Tunisian Prime Minister-Designate Hichem Mechichi has proposed a cabinet of technocrats without allegiance to any political parties, in an effort to solve an impasse in the country’s politics.
Mechichi barely met the deadline to present his new cabinet. A press briefing at midnight on Monday ensured his cabinet was submitted just before the deadline on Tuesday.
Mechichi has attempted to circumvent Tunisia’s entrenched political divisions by proposing a cabinet of technocrats with no representation from any political parties. In the midnight press briefing, he stated that he aimed to use a non-political cabinet to accelerate economic development and improve social support for Tunisians.
Mechichi’s proposed cabinet is the second cabinet under consideration in six months. Former Prime Minister Elyas Fakhfakh resigned following a scandal over a conflict of interest with his business ties, leading President Kais Saied to appoint Mechichi as the new prime minister.
The newly-proposed cabinet needs to win a vote of confidence from Tunisia’s divided parliament. Without a positive result, President Saied would be forced to order a dissolution of parliament and new elections, which would present a new blow to Tunisia’s post-2011 democratic process.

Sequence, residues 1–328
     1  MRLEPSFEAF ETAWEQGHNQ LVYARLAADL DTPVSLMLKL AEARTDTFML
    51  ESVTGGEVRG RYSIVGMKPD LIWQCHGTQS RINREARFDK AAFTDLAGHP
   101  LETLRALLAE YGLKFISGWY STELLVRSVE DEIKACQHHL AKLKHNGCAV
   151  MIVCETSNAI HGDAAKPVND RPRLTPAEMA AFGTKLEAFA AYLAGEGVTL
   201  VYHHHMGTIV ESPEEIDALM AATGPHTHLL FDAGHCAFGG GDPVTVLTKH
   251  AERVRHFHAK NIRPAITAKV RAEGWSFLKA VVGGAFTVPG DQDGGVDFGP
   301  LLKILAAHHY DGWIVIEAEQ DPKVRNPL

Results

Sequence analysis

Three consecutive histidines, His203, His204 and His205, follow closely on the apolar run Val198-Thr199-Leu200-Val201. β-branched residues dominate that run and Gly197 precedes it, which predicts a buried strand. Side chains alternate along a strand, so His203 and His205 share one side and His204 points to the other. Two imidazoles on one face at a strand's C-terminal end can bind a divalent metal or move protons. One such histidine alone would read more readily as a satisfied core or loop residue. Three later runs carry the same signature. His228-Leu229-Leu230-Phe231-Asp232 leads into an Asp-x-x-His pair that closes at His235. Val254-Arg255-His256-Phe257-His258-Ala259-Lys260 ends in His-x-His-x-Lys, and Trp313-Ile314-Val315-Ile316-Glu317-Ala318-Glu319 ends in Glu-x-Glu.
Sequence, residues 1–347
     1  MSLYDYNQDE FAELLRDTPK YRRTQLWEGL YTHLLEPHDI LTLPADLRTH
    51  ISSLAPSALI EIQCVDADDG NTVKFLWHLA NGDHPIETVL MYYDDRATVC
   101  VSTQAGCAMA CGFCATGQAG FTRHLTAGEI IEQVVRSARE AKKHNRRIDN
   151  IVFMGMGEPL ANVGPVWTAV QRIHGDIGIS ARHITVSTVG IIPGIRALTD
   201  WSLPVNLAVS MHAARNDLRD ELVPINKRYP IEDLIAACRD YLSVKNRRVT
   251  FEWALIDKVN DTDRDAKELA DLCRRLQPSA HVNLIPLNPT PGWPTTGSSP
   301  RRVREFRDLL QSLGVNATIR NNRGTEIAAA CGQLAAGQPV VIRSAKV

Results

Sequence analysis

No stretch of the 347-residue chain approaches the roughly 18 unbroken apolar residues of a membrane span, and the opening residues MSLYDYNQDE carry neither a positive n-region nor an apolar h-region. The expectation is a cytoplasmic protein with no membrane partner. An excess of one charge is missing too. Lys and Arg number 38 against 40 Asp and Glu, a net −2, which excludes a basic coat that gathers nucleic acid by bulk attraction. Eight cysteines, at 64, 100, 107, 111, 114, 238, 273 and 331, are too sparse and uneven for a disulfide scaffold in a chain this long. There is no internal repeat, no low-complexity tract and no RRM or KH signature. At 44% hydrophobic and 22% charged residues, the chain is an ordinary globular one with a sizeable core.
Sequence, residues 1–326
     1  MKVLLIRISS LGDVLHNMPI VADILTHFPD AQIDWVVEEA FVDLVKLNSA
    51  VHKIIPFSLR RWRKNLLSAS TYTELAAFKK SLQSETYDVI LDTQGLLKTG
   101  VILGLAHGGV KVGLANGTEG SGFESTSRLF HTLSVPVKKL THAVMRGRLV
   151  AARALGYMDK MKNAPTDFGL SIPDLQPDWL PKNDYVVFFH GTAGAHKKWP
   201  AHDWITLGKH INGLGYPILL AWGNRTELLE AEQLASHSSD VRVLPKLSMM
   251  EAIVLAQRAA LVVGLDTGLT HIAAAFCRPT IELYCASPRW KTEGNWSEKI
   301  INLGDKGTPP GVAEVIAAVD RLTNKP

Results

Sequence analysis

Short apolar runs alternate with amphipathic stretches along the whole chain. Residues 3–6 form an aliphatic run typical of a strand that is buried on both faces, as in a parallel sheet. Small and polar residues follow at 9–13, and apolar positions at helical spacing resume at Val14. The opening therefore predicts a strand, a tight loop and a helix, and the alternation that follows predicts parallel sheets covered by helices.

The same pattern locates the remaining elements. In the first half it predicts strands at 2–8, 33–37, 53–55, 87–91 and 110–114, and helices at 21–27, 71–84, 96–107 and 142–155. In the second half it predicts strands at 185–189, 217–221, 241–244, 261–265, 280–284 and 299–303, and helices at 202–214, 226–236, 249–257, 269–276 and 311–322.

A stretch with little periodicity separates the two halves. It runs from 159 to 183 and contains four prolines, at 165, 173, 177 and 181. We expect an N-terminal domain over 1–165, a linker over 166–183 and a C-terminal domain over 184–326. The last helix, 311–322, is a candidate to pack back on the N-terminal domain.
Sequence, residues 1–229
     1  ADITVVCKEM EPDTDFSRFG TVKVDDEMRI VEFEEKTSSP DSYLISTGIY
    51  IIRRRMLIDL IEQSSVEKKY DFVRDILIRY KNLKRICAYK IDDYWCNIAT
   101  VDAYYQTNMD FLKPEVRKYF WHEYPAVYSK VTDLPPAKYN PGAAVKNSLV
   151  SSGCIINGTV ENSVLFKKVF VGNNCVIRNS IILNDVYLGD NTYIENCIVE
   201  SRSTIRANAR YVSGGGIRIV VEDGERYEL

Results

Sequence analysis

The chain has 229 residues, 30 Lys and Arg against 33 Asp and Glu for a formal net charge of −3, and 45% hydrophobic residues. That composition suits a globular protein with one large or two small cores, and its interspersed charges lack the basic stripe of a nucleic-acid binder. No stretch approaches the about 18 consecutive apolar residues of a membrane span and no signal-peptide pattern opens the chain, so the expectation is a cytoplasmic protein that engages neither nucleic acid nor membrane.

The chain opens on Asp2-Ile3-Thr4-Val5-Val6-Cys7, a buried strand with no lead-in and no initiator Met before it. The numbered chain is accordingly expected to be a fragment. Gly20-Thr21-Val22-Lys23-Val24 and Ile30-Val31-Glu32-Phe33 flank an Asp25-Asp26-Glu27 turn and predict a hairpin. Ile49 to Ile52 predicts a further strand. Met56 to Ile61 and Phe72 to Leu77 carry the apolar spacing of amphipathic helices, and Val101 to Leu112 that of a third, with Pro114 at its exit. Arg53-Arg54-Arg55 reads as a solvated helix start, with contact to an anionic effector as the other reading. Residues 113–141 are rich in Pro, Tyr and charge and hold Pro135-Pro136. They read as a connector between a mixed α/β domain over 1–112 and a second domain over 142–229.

The cabinet presented on Monday night would consist of 28 members, 8 of whom are women. The cabinet would streamline three economic ministries into a single body led by Ali Kooli, the current Tunisian CEO of the Bahraini Arab Banking Corporation.
Mechichi’s gamble to sideline Tunisia’s bickering political parties could backfire as parliament has a final say on the proposed cabinet.
The Republican Popular Union (UPR) stated on Monday that it would not support a technocratic government in principle. The UPR argued that such a government would “circumvent the principles of the second Republic and the people’s will,” according to the Tunisian Press Agency (TAP.)